AMINA: A 16th century Nigerian Queen
A very small contribution for Black History Month, and a little late too.
This is the story of Queen Amina of the northern Nigerian kingdom of Zazzau, more commonly referred to today by the name of its principal city, Zaria. There is still an Emir of Zaria in 2021.
Amina's story comes from the 16th/17th centuries, and is contemporary to that of Queen Elizabeth I of England. It is difficult in Amina's case to distinguish between history and legend as no written record exists until the 19th century, and that is a sparse one. The account which today is drawn on to tell Amina's story was collected at the beginning of the 20th century by an Englishman. He based it on the oral tales which he traced in the Emirate. Such oral tales although historical, over time became glossed with legend; such as the story that every town and city Amina conquered during her reign she spent the first night with a lover from the town, but in the morning had him killed so as he could not gossip. This is quite obviously a tale with a classic folk motif. We do, however, have one unequivocal contemporary reference to Amina's existence. This is in a map drawn by a European in 1573, which lists in what is now Northern Nigeria a place called, 'The Castle of Amina'.
Amina is said to have been born, the daughter of the king, in 1533, succeeded her brother to the throne in 1576, and died in 1610. She is known as a warrior and as a general of cavalry in her brother's reign. An unusual skill for a woman at that time.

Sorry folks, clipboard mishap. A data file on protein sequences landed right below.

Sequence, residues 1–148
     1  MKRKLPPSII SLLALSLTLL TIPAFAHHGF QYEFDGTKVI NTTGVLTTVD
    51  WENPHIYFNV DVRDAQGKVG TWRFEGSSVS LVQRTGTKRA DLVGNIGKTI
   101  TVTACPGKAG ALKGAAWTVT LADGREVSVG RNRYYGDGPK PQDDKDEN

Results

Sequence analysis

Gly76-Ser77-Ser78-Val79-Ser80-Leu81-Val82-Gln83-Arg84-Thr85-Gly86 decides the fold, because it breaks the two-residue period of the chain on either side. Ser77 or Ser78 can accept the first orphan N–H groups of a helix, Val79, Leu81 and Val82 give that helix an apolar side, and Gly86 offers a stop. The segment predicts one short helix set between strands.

Her own reign saw a a great expansion in both territory and trade; she is credited with establishing new trade routes. Zazzau itself was the centre of slaving, supplying slaves to the markets of Kano for Arab traders from beyond the Sahara who brought in exchange the much needed commodity of salt.
Her lasting legacy are the great earthen walls set up as defences around her kingdom's cities. Many still exist in the region and are known today as 'Amina's Walls'.
Her kingdom, or Queendom , of Zazzau was one of the seven Hausa kingdoms, and the one that was furthest south.
Islam reached Zazzau in the mid 15th century, so Amina herself was brought up as a Muslim.
Islam spread somewhat slowly until the kingdom was conquered by the nomadic Moslem Fulani in 1808 when Islam became the widespread religion of the region.
The former ruler of Zazzau fled to Abuja where he established himself as Emir of Sulija.
Today the people of Zazzau/Zaria are known as Hausa-Fulani.
In 1901 the Emirate came under British 'protection' when Sir Frederick Lugard arrived in the area.
Nigeria, south and north, was united under Lugard's Governor-Generalship in 1914.
You can view a Nigerian blockbuster film called simply 'Amina' on Netflix